When Mary-Ann Baldwin recently called for “flexibility” in spending Raleigh’s proposed Affordable Housing Bond funds, what she really wants is another backroom deal.

Don’t let Raleigh’s Affordable Housing Bond be turned into an $80M taxpayer-funded Hog Trough.

Mayor Schewel described 2 crucial steps for success

At their June 2 meeting, the Raleigh City Council debated whether to follow the recent example of Durham‘s successful $95 million Affordable Housing Bond. Last December*, Mayor Baldwin invited Durham’s Mayor Schewel to tell Raleigh Councilors why Durham‘s bond succeeded. Schewel described two “crucial“ steps in earning the trust of voters in Durham. First, they listened to the community and second, they committed that bond funds would be directed to the community’s most pressing needs **.

Branch & Cox call for bond commitments

At the June 2 meeting, Councilor Branch agreed with Mayor Schewel, saying he wanted to “work with the community to make sure that we really focus on those that need the most assistance“, those at or below 30% of Area Median Income. Councilor Cox agreed with Branch, noting that the current bond recommendation does not yet make clear spending commitments. “My main concern is that we are not simply writing a blank check that will inadvertently lead to more gentrification”.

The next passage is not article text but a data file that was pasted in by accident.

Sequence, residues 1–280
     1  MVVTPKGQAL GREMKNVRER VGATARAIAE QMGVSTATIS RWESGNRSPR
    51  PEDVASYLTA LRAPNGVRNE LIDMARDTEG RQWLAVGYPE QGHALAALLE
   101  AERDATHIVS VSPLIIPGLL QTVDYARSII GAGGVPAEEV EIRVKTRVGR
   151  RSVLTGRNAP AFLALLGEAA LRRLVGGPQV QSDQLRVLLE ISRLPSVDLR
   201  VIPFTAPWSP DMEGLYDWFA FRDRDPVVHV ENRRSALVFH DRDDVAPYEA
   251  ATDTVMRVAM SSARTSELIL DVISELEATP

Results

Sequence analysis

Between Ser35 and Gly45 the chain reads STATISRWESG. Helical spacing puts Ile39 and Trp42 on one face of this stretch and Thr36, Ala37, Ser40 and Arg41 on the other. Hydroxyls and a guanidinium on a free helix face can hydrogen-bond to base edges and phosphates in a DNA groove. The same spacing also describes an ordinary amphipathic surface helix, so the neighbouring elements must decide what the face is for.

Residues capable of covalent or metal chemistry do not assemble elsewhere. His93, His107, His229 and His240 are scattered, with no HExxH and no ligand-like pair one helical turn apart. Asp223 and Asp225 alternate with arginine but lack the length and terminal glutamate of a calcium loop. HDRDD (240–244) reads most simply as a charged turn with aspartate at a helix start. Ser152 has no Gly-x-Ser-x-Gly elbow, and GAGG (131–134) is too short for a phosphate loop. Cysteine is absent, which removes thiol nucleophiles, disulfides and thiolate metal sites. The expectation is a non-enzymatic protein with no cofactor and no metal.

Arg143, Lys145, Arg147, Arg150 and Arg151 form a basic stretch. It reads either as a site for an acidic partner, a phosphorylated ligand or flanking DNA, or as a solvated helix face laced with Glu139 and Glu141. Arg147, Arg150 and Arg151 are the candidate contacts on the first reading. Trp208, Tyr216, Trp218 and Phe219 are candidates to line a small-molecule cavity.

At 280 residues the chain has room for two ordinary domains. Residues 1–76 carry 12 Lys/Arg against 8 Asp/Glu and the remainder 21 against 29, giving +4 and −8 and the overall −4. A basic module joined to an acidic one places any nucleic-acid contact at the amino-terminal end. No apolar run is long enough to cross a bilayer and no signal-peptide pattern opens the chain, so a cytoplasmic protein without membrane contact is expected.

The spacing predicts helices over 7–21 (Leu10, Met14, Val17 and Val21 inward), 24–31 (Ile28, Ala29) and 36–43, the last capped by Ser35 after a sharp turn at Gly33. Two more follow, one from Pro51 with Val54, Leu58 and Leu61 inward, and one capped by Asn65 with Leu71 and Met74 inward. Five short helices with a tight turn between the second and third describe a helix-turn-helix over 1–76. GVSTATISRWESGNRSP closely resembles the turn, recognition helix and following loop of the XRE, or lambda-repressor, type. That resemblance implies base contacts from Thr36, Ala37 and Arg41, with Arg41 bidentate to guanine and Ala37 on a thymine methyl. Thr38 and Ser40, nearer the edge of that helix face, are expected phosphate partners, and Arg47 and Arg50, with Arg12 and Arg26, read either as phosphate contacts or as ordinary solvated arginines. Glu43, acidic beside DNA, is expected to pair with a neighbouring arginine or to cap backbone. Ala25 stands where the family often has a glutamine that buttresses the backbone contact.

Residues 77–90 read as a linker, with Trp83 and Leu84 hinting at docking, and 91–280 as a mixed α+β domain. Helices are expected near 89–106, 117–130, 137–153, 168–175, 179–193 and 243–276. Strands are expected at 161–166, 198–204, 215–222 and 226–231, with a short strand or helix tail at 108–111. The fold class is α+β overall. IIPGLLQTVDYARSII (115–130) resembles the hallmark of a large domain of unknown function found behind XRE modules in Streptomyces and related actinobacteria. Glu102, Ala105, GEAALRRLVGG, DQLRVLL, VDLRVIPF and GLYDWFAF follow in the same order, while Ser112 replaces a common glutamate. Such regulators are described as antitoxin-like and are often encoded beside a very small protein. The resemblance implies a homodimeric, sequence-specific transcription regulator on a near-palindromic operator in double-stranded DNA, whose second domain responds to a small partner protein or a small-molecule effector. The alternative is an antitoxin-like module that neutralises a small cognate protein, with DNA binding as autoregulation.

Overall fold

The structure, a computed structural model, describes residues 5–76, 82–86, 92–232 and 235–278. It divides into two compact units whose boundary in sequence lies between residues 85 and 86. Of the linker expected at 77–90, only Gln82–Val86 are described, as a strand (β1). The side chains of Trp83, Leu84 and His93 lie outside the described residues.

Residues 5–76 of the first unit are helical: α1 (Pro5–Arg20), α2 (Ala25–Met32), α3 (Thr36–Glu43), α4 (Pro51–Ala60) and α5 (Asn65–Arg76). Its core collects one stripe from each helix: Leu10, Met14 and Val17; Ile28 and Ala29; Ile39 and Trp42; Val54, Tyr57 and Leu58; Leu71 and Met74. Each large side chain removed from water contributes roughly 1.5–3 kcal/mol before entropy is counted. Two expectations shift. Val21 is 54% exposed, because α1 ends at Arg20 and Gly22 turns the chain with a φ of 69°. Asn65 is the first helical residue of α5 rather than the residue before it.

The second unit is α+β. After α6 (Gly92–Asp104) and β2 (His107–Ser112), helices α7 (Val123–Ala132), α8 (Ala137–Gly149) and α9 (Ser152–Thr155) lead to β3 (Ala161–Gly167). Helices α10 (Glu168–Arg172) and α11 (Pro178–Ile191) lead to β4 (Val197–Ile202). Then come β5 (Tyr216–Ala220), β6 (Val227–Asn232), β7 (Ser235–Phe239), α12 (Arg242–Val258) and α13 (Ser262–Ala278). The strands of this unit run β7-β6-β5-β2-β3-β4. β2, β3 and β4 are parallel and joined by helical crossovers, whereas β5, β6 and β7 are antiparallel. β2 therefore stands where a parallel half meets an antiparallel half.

Manager says commitments can be added

Manager Hall confirmed the request of Councilors Branch and Cox: “If the Council would like to go to the point of adopting more details than what the Affordable Bond Committee put in their report we can certainly do that”.

Baldwin closed the discussion and tried to head off Branch and Cox’s request. Warning against making commitments to Raleigh‘s bond voters, she offered her perspective as a veteran Council dealmaker: “We want to provide some flexibility”.

Wait a minute — After having invited Mayor Schewel to provide a road map for Raleigh’s bond to be successful, why would Baldwin not wholeheartedly support his crucial recommendations for listening to the community and committing to Raleigh bond voters, as Branch and Cox advocated, so that the bond funds would not be a blank check, but go to Raleigh’s most pressing needs?

Baldwin opposes commitments; wants flexibility

As has always been the case with Baldwin and the development community , the holy grail is “flexibility”. In this case, her pro-development constituency is licking their chops at a potential $80M taxpayer hog trough. Baldwin wants the flexibility to parley with supplicants in Barnhill’s back office – slicing up the pork for projects that gentrify vulnerable Raleigh neighborhoods, while buying influence with her favored campaign donors.

If Council wants this Affordable Housing Bond to fail, go with Baldwin‘s flexibility. If Council wants this bond to succeed, take the two crucial steps described by Mayor Schewel: Listen to the community and commit to spending the bond funds on Raleigh‘s most pressing affordable housing needs.


* At Raleigh Council’s Dec 17 Worksession (at 52:30 of video), Mayor Schewel described the ‘two crucial steps’ in earning the trust of Durham voters: (http://raleigh.granicus.com/MediaPlayer.php?view_id=5&clip_id=6381)

** Mayor Schewel presented the Durham Bond Fact Sheet, which itemized detailed bond program and expenditure commitments: